The growth in the luxury outbound trips from the Asia-Pacific region is slowing but it remains strong thanks to robust demand from travelers in China and India, according to a new report from travel technology group Amadeus.
Amadeus noted that the compound annual growth rate for luxury outbound trips in Asia is slowing to 5.9 percent through 2025, compared to the 7.1 percent growth registered between 2011 and 2015. In comparison, Europe’s luxury travel CAGR is accelerating to 6.7 percent through 2025, up from 3.6 percent growth between 2011 and 2015. The group compiled the report based on a combination of travel data, discussions with industry executives and a survey conducted in association with The Telegraph.
The travel group attributed the deceleration in high-end Asian travel to the overall economic slowdown in China and the country’s ongoing anticorruption drive.
“[Fewer] people want to be perceived as ultrarich and attract scrutiny — as illustrated by the nation’s declining private jet market. In other words, luxury travelers in China are more conscious about flaunting their wealth, and will make travel choices accordingly,” Amadeus said in the report.
China’s luxury travel market is seen growing at 12.2 percent per year through 2025, according to the study. Meanwhile India’s market is seen growing at an annual rate of 12.8 percent over the same time period — it is seeing the highest growth of the 25 countries it examined for the report, Amadeus said.
“The rapid growth of India’s luxury market is interesting and fairly atypical. When broken down into the distance of luxury journeys, there is very little regional travel, and a very high percentage of medium and long-haul travel — which is the opposite case for the majority of nations,” Amadeus said, adding that the country is home to a “booming” middle class of consumers.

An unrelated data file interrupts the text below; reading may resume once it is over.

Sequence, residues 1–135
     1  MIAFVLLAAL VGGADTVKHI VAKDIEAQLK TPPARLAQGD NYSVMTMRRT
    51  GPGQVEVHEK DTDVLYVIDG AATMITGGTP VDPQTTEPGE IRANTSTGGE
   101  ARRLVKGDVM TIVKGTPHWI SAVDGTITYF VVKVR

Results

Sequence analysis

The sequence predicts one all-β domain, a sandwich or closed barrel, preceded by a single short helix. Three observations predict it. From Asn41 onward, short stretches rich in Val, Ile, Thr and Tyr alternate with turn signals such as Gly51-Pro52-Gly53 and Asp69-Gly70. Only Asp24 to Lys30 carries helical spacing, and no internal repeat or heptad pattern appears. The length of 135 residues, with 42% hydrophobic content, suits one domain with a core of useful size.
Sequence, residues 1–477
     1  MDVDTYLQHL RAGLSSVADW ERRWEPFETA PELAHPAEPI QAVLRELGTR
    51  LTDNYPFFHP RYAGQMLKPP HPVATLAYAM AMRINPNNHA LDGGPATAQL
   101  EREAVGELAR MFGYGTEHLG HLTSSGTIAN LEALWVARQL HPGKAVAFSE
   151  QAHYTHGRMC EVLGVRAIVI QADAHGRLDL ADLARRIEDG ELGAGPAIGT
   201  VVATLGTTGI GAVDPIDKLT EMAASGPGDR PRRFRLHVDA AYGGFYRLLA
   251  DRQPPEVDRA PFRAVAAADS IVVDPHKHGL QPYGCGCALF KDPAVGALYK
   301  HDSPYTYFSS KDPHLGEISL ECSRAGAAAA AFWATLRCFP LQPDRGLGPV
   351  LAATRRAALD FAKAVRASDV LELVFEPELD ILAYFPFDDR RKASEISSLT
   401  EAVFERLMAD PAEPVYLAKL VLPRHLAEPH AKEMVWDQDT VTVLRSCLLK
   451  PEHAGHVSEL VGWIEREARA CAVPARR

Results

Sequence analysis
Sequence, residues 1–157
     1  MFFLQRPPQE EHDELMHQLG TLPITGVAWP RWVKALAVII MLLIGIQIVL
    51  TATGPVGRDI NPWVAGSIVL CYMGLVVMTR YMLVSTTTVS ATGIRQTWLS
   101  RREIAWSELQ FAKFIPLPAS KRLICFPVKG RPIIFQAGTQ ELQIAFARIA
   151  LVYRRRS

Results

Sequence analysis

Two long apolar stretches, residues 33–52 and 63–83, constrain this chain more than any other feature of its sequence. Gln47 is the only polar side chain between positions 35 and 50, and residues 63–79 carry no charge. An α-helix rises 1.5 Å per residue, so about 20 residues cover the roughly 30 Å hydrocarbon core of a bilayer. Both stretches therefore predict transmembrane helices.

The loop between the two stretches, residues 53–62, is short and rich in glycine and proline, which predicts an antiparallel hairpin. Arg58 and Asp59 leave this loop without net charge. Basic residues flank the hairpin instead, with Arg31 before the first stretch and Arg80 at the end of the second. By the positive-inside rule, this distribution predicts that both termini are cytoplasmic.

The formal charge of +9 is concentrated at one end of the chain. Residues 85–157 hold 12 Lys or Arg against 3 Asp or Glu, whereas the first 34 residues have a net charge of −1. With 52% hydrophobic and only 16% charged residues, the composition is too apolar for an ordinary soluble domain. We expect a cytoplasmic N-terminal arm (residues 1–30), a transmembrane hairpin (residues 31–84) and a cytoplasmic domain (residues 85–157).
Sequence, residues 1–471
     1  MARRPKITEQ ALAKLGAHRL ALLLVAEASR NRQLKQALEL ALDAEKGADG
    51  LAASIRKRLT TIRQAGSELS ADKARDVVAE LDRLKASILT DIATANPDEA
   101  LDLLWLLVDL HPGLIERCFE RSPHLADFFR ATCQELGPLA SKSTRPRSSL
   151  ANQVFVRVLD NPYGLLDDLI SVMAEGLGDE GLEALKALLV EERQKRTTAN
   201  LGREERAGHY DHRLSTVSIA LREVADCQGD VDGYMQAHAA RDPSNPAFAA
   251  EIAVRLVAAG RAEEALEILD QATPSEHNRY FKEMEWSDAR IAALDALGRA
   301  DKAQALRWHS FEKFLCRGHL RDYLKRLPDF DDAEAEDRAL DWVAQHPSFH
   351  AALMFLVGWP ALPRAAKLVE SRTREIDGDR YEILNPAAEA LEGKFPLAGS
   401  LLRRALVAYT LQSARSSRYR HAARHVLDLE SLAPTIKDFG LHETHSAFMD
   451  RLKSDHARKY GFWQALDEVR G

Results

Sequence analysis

“While India’s middle class is taking off and fueling a rapid growth in its luxury market, medium- and long-haul air travel will increase rapidly across all classes — perhaps also due to the diaspora of Indian immigrants — and luxury travel will follow this national travel trend,” the report said.
Elsewhere, the report stressed that luxury travelers are requesting increasingly personalized, exclusive services and experiences. Amadeus said it’s important for companies to realize that not all travelers want the same thing.
“Curating something that appeals to them on a specific, personal level that goes above a traveler’s ‘norms’ is key to the next chapter of luxury travel,” according to Amadeus. “Luxury travel is subjective. For one traveler, it could be a private multimillion-dollar cruise around the Arctic on a famous yacht. For another, it could be the reassurance of having their dietary requirements automatically catered for throughout their entire holiday and a bespoke designer wardrobe waiting for them in their hotel room — without them having to ask. For some, it could be having their [favorite] Michelin-starred chef flown in to prepare a meal in a Bedouin tent in the middle of the Sahara.”